Farm Dreams helped Carlson figure out that LSP’s Farm Beginnings was the natural next step if he was to set up a farming operation. Carlson enrolled in the 2011-2012 class and last fall and winter traveled twice-a-month to Hutchinson, Minn., for workshops led by established farmers and other ag professionals in the area. Through the class, he learned about business planning, marketing and goal setting. Carlson says the class showed him how it was possible to combine agroecological restoration with profitable farming.
“I got really excited about grass-fed beef and carbon sequestration and all of that,” he says.
And he has access to some land to try out his ideas—Carlson’s family owns 200 acres near Sauk Centre. About 80 acres is farmable, and it has been growing row crops and alfalfa for the past several years. Carlson’s goal is to convert some of that 80 acres to a “silvo-pasture” system where cattle are able to graze in-between double rows of trees. The system, which has been used with success in states like Missouri and Georgia, provides shelter for the cattle, protects the soil, preserves water, provides wildlife habitat, shades cool season grasses and sequesters large amounts of carbon. The elongated grazing “paddocks” are 300 to 400 feet long, with 20-foot alleys between the double rows of trees spaced seven feet apart.
“Each alley provided about a day’s worth of grazing for the seven steers we had this year,” says Carlson.
This spring he planted around 6,500 red oak, red pine, Norway pine and white pine with the help of cost share funds from the Natural Resources Conservation Service. The farm is now a U of M demonstration site for silvo-pasturing, which is a relatively new concept in Minnesota.
Such a system relies on cattle, of course, to make use of that forage and make the system economically viable. That’s where the Berheims enter the picture.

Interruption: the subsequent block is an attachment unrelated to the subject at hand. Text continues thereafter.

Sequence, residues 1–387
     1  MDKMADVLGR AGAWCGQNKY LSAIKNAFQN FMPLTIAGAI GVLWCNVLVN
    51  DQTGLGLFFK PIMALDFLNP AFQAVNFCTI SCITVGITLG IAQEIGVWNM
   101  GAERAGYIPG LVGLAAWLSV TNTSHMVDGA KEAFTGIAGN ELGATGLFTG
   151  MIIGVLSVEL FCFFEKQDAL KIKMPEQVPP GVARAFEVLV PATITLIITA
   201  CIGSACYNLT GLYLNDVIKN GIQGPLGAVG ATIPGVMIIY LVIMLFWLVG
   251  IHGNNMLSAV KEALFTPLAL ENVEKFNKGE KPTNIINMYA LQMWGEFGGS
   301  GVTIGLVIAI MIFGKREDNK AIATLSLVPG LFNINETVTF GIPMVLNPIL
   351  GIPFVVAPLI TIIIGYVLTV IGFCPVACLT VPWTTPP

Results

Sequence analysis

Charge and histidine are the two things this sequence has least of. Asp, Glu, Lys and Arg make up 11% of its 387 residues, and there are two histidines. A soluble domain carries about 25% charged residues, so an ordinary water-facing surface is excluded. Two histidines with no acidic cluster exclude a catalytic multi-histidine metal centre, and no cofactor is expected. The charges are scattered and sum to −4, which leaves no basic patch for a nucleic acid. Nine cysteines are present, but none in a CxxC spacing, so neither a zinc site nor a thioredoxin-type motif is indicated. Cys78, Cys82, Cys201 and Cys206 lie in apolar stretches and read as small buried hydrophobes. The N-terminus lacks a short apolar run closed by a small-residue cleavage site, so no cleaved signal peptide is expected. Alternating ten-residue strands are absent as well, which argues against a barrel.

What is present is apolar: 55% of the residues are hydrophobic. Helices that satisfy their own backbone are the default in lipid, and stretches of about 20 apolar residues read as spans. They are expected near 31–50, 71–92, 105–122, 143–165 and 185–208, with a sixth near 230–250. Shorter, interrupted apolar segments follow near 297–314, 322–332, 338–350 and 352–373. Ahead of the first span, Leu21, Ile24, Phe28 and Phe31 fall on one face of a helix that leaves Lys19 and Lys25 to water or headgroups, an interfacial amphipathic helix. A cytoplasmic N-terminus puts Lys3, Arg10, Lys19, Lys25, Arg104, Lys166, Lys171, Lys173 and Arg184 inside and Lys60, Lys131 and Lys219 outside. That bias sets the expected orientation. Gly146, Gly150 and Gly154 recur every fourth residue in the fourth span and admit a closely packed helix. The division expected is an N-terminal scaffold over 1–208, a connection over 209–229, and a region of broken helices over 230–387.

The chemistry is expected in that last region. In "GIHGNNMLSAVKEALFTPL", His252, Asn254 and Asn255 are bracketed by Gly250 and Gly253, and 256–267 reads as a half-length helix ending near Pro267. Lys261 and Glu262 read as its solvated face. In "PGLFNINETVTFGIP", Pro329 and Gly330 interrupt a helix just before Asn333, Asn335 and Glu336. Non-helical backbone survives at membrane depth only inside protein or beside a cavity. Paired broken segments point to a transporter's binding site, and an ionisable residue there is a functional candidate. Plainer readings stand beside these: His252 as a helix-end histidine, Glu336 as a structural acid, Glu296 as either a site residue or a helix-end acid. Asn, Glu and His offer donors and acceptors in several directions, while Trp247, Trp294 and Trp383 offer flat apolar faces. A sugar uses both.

While enrolled in Farm Beginnings, Carlson had learned of the Farmer Network and how important continued connections with established farmers can be to the success of a new operation. That’s why, while looking for cattle last winter that would do well in a pasture system, he contacted Parker Forsell, who coordinates the Farmer Network. He told Forsell he was looking for a few head of brood cows to start a grass-based beef herd. Parker put the word out through the Network’s e-mail list. As it happened, the Berheims had already provided brood cattle to around half-a-dozen beginning farmers in recent years.
Since they started raising grass-based beef on their 200-acre farm near Benson, Minn., in 2004, the Berheims’ herd has been steadily growing. About the time Carlson put the word out about his need for cattle, they were looking to trim their herd.
“It really is satisfying when you have a good product and you can help someone out,” says Don.
Carlson contacted the Berheims and eventually made the hour drive to visit their farm. What he found was an operation that’s doing exactly what he’d like to do eventually on his land: using cattle to improve the ecosystem in a financially viable manner.
The Berheims feel their land’s health and productivity is better than it’s ever been. The pastures were previously overgrazed, and where it was tilled, there is “basically no topsoil,” says Don.
“It’s really satisfying to me to see the land being restored,” says Don. “The cattle are in the best flesh they’ve ever been in, and I think it’s because the land is getting healthier.”